If you were trying to contact a Spotify employee anywhere in the world between November 1st – 5th, you would have found yourself on the receiving end of an OOO (Out of Office) message telling you that the Spotifier you were trying to reach was taking part in Spotify’s Wellness Week.
Wellness week was an initiative that gave all Spotify employees a week off of work to focus on their health and well-being. Spotifiers were welcome to enjoy a week of travel, spending time with friends/family, binge-watching tv shows, reading a few books, or doing absolutely nothing at all. As long as they were not working, then we’d accomplished our mission.
Why did we do this? Simply put, we all needed a break. A break from our jobs, and time to focus on our health and well-being. We are very aware of the toll that the forced working from home and other aspects of the pandemic has had on us. We also know that one of the main triggers of burnout is the inability to disconnect from work, and in the past few years the lack of disconnect from work has been extremely prevalent. In addition, stress and anxiety levels have never been higher from the effects of lockdowns, working from home, homeschooling, video call fatigue, and everything else that has been thrown our way. All of a sudden, our boundaries between work and home have become unclear, creating a massive work-life imbalance. The rapid innovation in technology paired with the desire to stay as connected to our colleagues and the rest of the world as possible, means our tendency to stay on screens 24/7 has been further fuelled, and the lines between work and home have become even more blurred.
Like all things we do in HR at Spotify, the decision to move forward and launch Wellness Week came from recognizing our people as our greatest asset. The concept of a wellness week is nothing new, but it felt right for us at Spotify because of our purpose-led culture. After all, if our employees burn out, how will they be contributing to our purpose then? And what sort of business operates well with a burned-out workforce? None.
Leading by Example for Good Mental health Practices
We also felt a little bit practiced on many people taking time off together due to our Swedish roots. Summers in Sweden see entire offices closing whilst staff go on vacation, making the most of the long days and soaking in the long-awaited sunlight. Leaning on the Swedish Summer experience was important since both our HR and Senior Management team agreed that in order for this to work, for everyone to be able to get a well-needed and deserved break, that every single Spotifier needed to take part in taking the week off. Everyone – no exceptions.
This is when leading by example was truly tested for us. We acknowledged that if we do Wellness Week, but some individuals or teams are forced to work, then it would do more harm than good, so this was something that was very important to us during the planning phase, and receiving leadership support and commitment on this was crucial.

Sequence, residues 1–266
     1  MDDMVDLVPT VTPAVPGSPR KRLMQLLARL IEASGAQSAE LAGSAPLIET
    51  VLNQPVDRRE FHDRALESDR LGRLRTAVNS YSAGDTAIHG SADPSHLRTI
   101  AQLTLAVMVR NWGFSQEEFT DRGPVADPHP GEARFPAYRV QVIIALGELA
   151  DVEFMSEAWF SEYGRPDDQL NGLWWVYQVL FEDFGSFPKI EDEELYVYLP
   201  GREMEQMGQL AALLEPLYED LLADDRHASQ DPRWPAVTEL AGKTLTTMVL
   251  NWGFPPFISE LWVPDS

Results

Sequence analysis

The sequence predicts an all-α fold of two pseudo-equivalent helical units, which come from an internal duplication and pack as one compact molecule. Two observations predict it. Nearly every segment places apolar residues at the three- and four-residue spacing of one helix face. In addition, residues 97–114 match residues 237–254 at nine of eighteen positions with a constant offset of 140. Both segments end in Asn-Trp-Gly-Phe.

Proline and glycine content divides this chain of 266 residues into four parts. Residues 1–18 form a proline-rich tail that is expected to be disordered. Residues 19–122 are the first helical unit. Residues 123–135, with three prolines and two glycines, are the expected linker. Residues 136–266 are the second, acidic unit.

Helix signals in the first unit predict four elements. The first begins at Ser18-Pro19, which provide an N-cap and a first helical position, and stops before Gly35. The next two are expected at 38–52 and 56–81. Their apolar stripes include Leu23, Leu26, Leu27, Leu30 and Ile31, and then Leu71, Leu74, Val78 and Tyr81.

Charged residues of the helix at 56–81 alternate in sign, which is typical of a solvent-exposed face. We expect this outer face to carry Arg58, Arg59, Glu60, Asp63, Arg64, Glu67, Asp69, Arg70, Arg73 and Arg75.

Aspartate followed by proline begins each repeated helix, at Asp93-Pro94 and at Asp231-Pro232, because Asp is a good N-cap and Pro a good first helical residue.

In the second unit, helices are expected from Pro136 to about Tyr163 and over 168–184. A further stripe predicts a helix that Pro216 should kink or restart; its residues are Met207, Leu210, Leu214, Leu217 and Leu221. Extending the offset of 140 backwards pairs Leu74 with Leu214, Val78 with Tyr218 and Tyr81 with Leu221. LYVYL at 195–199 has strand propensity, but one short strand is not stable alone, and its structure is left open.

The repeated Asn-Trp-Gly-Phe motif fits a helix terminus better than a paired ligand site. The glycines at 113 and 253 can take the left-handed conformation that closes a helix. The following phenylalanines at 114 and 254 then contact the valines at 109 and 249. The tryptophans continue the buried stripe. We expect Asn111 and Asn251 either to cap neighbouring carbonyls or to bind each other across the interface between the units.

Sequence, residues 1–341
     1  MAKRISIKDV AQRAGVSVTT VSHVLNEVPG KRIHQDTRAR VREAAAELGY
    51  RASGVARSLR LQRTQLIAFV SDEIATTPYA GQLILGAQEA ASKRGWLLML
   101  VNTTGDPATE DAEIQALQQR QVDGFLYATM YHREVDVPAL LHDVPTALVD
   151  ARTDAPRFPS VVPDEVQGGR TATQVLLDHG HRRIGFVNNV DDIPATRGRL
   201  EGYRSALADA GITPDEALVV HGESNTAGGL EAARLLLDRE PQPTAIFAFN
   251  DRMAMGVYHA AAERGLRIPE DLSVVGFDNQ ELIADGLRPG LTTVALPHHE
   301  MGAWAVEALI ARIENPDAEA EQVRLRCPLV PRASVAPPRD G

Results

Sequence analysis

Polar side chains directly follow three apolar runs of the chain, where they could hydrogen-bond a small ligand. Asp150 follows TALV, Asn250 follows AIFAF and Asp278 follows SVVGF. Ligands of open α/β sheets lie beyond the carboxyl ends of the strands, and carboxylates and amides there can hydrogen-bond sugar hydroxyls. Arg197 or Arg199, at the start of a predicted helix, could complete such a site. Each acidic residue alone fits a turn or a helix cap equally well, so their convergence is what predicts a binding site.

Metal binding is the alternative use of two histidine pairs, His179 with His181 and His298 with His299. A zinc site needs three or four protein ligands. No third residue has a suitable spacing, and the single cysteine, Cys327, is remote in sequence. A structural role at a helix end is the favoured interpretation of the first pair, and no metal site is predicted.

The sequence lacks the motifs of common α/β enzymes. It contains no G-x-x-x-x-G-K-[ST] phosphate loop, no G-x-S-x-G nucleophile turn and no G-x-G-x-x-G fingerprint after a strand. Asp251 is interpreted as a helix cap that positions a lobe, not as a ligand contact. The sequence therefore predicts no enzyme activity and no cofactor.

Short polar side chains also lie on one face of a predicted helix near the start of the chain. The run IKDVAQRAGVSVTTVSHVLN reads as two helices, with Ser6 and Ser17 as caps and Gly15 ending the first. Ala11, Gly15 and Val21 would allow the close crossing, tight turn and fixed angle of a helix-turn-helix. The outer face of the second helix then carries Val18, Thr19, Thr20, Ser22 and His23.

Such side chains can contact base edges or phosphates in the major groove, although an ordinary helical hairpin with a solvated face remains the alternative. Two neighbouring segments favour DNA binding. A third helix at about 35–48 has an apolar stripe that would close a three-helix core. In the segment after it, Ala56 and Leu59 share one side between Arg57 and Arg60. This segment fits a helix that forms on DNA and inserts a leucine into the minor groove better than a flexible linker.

Now I’d like to share with you a brief synopsis of my experience. Fast forward to November 1st, and I wake up to the first day of Wellness Week. Waking up on a Monday morning to no emails was a strange feeling. Drinking my morning coffee and looking at an empty calendar was even more strange to me, especially given that I was not on a personal vacation where I would normally use my vacation days while the rest of my team were working. The silence was eerie at times, as I was just waiting for emails to eventually start creeping in. Then I wake up on Tuesday, unlock my phone expecting to see a flurry of emails from my team and boss. Nothing. No emails. No calendar reminders. And it was radio silence for the entire week. Fast forward to Friday, as I am sitting on a beach, staring at my still empty email inbox. The only interaction I had with other coworkers was when they sent me photos of how they are spending their Wellness Week, whether it be rock climbing, traveling to countries on their bucket list, spending true quality time with the kids, or simply sitting on a couch watching TV.
To be honest, it took me a few days to wrap my head around the fact that for this one week, I had zero worries or concerns about work, and I had all this time to focus on my family, health and wellbeing. I also think this experience early in the week validated that detaching from work does not happen instantaneously. It takes a few days, feedback that we heard a lot from our people when they returned to work.
Go All In on Putting Your People First
If you are a company thinking of doing something similar to this, you have to make sure that you go all in. Leaders need to lead by example and shut off and disconnect first. Like a domino effect, your people will follow and do the same. If your leaders and business cannot commit to that, don’t plan a week off like this – it will add extra stress and pressure rather than help your employees. The only way to truly put your greatest asset (your people) first is to care for their mental health, and not just a few, or even a majority of them. It’s got to be all of them.
The ability to detach from work is not at all easy, especially throughout this pandemic. It requires conviction, discipline, and strategy. And however disciplined and strategic you are about this, if you do not work in an environment that supports and advocates for a healthy work-life balance, this may cause more stress to individuals.
We’re proud that it worked at Spotify because it aligns with our culture and values. It worked because we have amazing leaders who lead by example. It worked because of the way our Swedish roots are embedded in our DNA as a company. Now let’s see what we can achieve with our newly refreshed workforce. Onwards and upwards!